Posts Tagged ‘monopoly’


March 18, 2013 5 comments

“Corporate capitalists don’t want free markets. They want dependable profits, and their surest route is to crush the competition by controlling the government.” – RFK, Jr.

It is often claimed in “progressive” and “liberal” circles that we need more regulation to curb the influence and power of big business. This belief is based largely on a misconception as to the origin, purpose and result of regulations.

During the period between the end of the American Civil War and roughly the 1890s, business in the US tried to cartelise but found it could not. In general, cartels can only control a market when force is introduced. During this period, every attempt to form a cartel and raise prices led to new competitors that realised they could undercut the cartels. In response, big business began lobbying the government to pass laws “in the public interest” (as all laws are claimed to be) that would enable them to keep competitors out. It worked. (Find a large amount of research on the subject here.)

Today, regulations and other laws protecting business include corporate personhood, accounting standards, safety standards, environmental standards and intellectual property. In addition, there are subsidies (“corporate welfare”), amounting to perhaps $98b a year, selective tax breaks and contracting. In each of these categories, government and industry have made a variety of laws enabling large firms to eliminate competition. As such, they are a kind of tax taken from consumers who would pay lower prices and entrepreneurs who would be able to make their livings doing what they want. The tax is given to business owners who would be forced to lower prices or improve services in a free market. The Small Business Administration in 2005 estimated the total cost of these regulations at $1.1 trillion.

free market government regulation

Accounting standards are widely considered necessary to prove a firm is not cooking the books. But in the absence of state regulation, concerned investors would find a way to insure against this possibility with audits. An example of the enormous and unnecessary complication of accounting standards is the Sarbanes-Oxley Act, passed in the wake of the Enron accounting scandal and failure. The Act made accounting more complicated. Implementing it costs a firm millions of dollars. Millions of dollars is pocket change for a big corporation, but prohibitively expensive for new and small businesses that could otherwise rival them. As a result, fewer businesses are created, and wealth and power are concentrated in the larger firms. We now have a complex tax code that could not be implemented by less than a team of accountants. The same is true of the legal code. The modern legal code was designed so that teams of high-priced lawyers can get away with murder and people without money see no justice.

Sarbanes-Oxley is, of course, but one law in a sea of other laws. Those who say the 2008 financial crash was caused by a lack of regulation may do well to realise there were thousands of lines of financial regulations already. They often cite the repeal of parts of the Glass-Steagal Act as the only incidence of deregulation they can think of, but this change did nothing to enable banks to make bad loans. A look at the facts indicates very clearly that regulation was the main cause of the bubble that caused the massive destruction of wealth for all but those whose ties to the state got them trillion-dollar bailouts.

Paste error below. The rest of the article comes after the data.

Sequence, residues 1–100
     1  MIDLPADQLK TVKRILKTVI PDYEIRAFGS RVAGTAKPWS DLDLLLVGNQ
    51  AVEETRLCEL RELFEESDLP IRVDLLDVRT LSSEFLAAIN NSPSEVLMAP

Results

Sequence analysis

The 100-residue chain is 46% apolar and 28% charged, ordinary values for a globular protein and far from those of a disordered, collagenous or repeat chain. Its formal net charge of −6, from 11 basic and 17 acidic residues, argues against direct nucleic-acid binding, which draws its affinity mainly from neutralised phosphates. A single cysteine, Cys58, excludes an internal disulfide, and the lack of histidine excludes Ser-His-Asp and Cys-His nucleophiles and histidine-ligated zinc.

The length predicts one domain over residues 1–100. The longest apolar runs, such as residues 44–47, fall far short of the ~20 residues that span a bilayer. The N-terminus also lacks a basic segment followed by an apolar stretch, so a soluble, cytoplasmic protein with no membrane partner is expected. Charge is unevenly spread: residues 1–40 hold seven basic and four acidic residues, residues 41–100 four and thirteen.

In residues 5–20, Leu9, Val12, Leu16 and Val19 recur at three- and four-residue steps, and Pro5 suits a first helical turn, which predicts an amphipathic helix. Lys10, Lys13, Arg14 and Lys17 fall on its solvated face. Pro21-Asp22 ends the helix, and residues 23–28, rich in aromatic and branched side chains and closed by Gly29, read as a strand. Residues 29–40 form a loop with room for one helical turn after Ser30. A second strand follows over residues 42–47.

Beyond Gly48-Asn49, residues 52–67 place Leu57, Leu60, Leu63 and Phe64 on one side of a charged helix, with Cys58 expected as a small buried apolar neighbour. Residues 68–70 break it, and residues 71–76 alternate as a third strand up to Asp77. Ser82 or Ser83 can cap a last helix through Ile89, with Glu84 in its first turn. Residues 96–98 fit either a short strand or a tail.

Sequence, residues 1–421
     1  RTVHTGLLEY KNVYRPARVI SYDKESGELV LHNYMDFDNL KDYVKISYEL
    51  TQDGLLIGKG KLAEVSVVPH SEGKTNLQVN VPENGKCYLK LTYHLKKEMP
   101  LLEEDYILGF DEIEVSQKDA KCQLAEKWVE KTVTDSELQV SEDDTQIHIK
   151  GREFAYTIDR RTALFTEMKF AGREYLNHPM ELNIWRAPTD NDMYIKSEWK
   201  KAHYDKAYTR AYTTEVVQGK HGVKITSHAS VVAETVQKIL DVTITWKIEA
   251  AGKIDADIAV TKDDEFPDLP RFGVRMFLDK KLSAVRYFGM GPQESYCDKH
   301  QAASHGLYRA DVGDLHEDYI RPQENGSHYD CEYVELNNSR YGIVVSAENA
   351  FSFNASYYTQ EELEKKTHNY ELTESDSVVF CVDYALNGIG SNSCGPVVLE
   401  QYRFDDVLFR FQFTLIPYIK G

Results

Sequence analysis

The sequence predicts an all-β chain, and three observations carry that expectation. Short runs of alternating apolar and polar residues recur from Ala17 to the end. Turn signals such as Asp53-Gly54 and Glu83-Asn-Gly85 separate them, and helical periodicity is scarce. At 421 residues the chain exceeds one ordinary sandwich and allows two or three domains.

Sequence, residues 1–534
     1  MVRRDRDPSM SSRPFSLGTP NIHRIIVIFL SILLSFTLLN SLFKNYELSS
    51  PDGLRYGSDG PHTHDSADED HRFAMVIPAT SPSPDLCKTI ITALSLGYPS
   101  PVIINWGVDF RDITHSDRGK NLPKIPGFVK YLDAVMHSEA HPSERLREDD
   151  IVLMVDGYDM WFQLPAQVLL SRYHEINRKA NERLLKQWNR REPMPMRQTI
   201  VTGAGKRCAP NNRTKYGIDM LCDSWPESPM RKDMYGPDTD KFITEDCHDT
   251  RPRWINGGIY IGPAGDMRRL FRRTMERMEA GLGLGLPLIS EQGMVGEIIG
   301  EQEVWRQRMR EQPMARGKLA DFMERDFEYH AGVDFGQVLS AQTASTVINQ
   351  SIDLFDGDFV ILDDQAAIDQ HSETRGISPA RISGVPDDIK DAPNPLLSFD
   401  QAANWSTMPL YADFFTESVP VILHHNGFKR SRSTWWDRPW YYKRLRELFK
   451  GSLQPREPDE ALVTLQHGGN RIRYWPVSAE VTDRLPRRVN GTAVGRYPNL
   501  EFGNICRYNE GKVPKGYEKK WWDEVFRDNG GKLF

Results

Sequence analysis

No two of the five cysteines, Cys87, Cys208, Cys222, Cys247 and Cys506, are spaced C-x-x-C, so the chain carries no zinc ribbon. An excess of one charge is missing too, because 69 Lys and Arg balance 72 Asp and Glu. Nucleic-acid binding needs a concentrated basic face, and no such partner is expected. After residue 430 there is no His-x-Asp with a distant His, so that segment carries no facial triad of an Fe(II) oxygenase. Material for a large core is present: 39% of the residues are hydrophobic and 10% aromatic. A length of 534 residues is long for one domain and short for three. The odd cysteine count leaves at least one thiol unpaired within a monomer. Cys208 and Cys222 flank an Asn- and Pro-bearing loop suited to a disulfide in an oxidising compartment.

Negative externalities, which seem to be the reason people beg the government to get involved in the market, are easily externalised in a statist society. The same big corporations pollute and break the law repeatedly. They are sued by the government, they pay the government, which means it gets another legal donation from an interest group, and then they are allowed to continue business as usual. The lawsuits are a bone thrown to voters and the corporations shake them off like lice. But they give the appearance that justice has been done. The corporations nonetheless retain all the benefits they get from the state in the form of legal personhood, subsidies, tax loopholes, intellectual property and regulatory barriers to competition. The state does not protect us against negative externalities.

Intellectual property enables firms to monopolise virtually anything they create. Consider the effects of IP laws in the pharmaceutical industry. Kevin Carson explains that drug patents are unnecessary to recoup expenses and develop the most effective drugs.

First of all, there has been a dramatic shift away from fundamentally new kinds of blockbuster drugs, because it’s much more cost-effective to put money into tweaking the formulas of drugs whose patents are about to expire just enough to qualify for repatenting them—so-called ‘me, too drugs.’ Second, a great deal of the basic research on which drug development is based is carried out at government expense in publicly-funded universities. Around half of the overall cost of drug R&D is taxpayer-funded. And in the United States, under the terms of legislation passed in the 1980s, the patents on drugs developed entirely at taxpayer expense are given away—free of charge—to the drug companies that produce and market them. Third, most of the actual R&D cost for developing drugs comes, not from testing the version of a drug actually marketed, but from securing patent lockdown on all the other major possible variants.

Generic drugs do not get developed, or get banned as soon as they are, because they are competition. The poor people who need them most do not get them. Intellectual property, Carson concludes, is murder.

corporatism regulation big business free market